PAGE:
The Dambusters raid was an extraordinary act of bravery and a remarkable technical achievement for its time. The military usefulness of the raid was probably limited, but the propaganda value was immense.
The casualty rate was high, even by the standards of RAF Bomber Command. 53 of the 133 aircrew who participated in the attack were killed, a casualty rate of almost 40%.
During the Second World War, the casualty rate on individual RAF bombing raids was usually no more than 5% but the overall casualty rate was still very high. Wikipedia’s page on Bomber Command records:
Bomber Command crews also suffered an extremely high casualty rate: 55,573 killed out of a total of 125,000 aircrew (a 44.4% death rate), a further 8,403 were wounded in action and 9,838 became prisoners of war. This covered all Bomber Command operations including tactical support for ground operations and mining of sea lanes. A Bomber Command crew member had a worse chance of survival than an infantry officer in World War I.Only 27% of all bomber aircrew who served during the war avoided death, injury or capture. The Wikipedia page adds:
Statistically there was little prospect of surviving a tour of 30 operations and by 1943 the odds against survival were pretty grim with only one in six expected to survive their first tour, while a slim one in forty would survive their second tour.Pupils at my school in Lincoln had a sobering reminder of this. In the entrance hall was a glass case containing a book of remembrance to all the old boys who had died in the two world wars. Each day, the book would be opened to a different page, displaying portrait photos and brief descriptions of two of the dead. The casualties of the First World War were mostly infantry. Those of the Second World War were mostly bomber aircrew.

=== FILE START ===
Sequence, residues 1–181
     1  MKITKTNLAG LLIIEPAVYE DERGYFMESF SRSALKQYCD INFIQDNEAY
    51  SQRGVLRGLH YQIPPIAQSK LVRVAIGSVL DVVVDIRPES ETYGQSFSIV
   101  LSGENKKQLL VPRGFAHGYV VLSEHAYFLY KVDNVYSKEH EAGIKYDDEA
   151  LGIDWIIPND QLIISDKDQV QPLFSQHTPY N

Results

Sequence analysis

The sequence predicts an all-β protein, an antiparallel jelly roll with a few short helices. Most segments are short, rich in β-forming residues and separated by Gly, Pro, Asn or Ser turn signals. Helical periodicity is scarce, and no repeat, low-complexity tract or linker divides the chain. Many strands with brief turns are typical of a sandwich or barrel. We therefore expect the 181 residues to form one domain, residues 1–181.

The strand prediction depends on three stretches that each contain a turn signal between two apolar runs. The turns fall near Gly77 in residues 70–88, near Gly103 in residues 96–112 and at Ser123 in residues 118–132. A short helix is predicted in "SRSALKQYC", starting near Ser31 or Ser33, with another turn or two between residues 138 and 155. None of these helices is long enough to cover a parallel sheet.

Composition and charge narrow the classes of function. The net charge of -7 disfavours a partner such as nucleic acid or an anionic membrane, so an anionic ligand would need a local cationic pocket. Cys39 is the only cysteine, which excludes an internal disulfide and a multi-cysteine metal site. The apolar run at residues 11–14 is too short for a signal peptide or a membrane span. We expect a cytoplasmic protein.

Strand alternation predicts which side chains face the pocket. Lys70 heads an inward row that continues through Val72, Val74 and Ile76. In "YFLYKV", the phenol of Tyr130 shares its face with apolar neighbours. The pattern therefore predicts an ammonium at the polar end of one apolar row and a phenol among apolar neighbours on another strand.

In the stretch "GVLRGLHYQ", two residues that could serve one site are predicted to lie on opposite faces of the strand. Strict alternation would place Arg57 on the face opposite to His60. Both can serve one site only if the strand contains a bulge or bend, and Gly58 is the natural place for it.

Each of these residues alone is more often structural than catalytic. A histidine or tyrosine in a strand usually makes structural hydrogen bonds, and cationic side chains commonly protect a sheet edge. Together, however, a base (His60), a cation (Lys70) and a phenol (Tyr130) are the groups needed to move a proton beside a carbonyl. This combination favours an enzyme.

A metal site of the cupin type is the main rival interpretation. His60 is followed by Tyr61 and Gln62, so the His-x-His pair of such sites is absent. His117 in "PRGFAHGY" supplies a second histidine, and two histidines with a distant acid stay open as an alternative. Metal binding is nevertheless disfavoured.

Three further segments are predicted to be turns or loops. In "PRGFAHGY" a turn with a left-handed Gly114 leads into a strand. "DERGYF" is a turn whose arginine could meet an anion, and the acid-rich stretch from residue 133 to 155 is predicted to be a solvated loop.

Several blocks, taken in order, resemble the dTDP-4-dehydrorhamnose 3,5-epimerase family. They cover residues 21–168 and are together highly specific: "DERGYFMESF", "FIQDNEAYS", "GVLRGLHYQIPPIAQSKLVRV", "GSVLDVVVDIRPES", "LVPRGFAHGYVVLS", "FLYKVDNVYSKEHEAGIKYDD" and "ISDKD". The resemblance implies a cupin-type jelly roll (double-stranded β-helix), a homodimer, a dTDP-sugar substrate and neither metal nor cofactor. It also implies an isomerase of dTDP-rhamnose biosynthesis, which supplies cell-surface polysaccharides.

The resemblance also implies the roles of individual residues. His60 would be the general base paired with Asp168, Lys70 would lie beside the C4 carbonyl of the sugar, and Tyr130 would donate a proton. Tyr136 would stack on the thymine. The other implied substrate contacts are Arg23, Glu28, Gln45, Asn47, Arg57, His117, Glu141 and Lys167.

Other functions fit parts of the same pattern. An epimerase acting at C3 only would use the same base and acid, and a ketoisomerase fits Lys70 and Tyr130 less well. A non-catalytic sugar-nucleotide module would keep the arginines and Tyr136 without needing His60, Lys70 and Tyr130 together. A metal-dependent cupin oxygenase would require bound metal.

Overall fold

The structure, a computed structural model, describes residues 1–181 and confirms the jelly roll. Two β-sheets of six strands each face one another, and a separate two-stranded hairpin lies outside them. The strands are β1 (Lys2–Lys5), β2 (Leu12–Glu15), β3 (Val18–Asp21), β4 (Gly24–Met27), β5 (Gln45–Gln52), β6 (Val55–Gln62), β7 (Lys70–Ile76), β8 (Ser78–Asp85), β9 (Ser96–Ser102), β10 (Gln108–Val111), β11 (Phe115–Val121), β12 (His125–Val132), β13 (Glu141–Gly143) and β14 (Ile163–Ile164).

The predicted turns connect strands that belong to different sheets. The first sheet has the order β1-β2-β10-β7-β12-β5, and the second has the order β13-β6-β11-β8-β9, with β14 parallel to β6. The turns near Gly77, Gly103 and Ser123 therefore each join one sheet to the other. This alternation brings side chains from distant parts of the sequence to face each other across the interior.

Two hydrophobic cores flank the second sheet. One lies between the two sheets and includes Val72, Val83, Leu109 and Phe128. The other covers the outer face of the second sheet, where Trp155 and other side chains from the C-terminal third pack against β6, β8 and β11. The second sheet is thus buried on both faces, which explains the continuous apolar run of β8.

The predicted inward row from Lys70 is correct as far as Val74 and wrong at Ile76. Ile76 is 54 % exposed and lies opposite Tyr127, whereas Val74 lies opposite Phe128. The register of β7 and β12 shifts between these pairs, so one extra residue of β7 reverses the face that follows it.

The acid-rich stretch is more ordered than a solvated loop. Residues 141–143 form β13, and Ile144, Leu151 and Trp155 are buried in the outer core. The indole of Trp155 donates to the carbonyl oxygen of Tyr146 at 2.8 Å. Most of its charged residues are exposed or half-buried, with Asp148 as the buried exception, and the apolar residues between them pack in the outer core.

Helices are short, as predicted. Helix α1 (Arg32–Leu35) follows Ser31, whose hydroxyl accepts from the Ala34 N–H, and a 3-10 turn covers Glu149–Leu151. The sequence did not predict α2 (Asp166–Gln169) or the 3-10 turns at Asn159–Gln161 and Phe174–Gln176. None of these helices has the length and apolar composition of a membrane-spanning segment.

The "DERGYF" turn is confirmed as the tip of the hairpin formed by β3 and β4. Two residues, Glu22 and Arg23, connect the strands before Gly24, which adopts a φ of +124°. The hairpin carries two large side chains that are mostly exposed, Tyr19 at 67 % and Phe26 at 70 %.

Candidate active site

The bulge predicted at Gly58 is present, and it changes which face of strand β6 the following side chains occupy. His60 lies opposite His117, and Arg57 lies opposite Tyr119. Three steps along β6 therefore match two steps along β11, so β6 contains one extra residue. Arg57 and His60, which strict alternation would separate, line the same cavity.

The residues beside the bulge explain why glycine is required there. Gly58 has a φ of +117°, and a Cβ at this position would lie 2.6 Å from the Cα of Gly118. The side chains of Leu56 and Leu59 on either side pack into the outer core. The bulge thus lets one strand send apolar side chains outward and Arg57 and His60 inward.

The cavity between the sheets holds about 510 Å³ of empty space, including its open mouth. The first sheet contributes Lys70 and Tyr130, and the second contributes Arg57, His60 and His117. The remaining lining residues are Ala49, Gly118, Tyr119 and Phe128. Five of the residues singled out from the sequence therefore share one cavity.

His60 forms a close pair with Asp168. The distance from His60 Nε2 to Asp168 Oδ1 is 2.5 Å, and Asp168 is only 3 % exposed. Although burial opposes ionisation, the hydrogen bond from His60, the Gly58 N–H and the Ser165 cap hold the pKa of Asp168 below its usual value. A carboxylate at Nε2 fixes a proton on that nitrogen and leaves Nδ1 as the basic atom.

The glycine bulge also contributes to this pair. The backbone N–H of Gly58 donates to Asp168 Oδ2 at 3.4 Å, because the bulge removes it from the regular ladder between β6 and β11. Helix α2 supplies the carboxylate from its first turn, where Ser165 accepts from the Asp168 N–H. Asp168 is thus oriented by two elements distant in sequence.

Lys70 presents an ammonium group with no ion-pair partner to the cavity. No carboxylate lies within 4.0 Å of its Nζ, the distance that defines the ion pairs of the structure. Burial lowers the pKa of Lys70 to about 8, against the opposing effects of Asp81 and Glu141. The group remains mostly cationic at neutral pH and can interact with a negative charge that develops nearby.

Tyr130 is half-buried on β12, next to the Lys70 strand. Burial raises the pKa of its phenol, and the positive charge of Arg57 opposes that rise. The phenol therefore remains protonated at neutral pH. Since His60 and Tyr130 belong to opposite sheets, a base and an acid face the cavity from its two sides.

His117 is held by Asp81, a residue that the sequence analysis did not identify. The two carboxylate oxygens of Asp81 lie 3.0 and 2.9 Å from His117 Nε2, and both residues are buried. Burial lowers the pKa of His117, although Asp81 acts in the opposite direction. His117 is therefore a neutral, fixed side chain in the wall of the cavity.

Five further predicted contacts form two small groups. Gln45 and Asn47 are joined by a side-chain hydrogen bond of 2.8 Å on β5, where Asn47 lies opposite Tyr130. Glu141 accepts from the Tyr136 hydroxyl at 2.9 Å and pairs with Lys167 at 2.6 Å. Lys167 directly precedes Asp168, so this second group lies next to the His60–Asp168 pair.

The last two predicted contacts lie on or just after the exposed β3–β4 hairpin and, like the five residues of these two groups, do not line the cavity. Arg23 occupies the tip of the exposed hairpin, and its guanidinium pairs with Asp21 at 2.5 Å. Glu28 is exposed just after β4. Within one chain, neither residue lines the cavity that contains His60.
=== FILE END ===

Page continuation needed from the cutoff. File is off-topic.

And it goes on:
The controversy over the RAF’s area bombing campaign meant that wartime bomber aircrew were never issued with a campaign medal and had no memorial (apart from the Airmen’s Chapel in Lincoln Cathedral) until one was unveiled in London last year.
With perfect hindsight, it is possible to question the efficacy and ethics of the bombing. At the time, Britain faced an existential threat from the Nazis and did what seemed best to defend itself, when the final outcome of the war was by no means certain. It is right that we remember the self-sacrifice of people who put their lives on the line for the rest of us. In the case of RAF bomber aircrew, that means people who were effectively on a suicide mission and knew it.